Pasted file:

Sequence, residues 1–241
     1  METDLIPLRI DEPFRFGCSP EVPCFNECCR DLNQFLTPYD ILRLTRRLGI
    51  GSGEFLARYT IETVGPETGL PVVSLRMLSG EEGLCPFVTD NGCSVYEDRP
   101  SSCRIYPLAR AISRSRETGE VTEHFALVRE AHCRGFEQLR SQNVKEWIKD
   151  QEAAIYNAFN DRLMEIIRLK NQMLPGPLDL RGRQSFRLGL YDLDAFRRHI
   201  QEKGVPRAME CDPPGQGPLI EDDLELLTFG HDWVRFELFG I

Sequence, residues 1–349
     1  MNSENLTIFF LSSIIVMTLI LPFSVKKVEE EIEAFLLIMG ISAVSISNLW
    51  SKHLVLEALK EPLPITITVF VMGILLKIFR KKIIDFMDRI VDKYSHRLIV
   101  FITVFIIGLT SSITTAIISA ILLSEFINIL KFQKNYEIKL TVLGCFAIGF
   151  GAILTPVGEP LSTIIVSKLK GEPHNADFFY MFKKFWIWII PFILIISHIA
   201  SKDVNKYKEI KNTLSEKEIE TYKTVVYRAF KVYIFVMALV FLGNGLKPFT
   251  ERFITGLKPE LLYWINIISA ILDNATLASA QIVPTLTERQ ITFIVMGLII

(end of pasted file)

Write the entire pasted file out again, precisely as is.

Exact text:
Sequence, residues 1–241
     1  METDLIPLRI DEPFRFGCSP EVPCFNECCR DLNQFLTPYD ILRLTRRLGI
    51  GSGEFLARYT IETVGPETGL PVVSLRMLSG EEGLCPFVTD NGCSVYEDRP
   101  SSCRIYPLAR AISRSRETGE VTEHFALVRE AHCRGFEQLR SQNVKEWIKD
   151  QEAAIYNAFN DRLMEIIRLK NQMLPGPLDL RGRQSFRLGL YDLDAFRRHI
   201  QEKGVPRAME CDPPGQGPLI EDDLELLTFG HDWVRFELFG I

Sequence, residues 1–349
     1  MNSENLTIFF LSSIIVMTLI LPFSVKKVEE EIEAFLLIMG ISAVSISNLW
    51  SKHLVLEALK EPLPITITVF VMGILLKIFR KKIIDFMDRI VDKYSHRLIV
   101  FITVFIIGLT SSITTAIISA ILLSEFINIL KFQKNYEIKL TVLGCFAIGF
   151  GAILTPVGEP LSTIIVSKLK GEPHNADFFY MFKKFWIWII PFILIISHIA
   201  SKDVNKYKEI KNTLSEKEIE TYKTVVYRAF KVYIFVMALV FLGNGLKPFT
   251  ERFITGLKPE LLYWINIISA ILDNATLASA QIVPTLTERQ ITFIVMGLII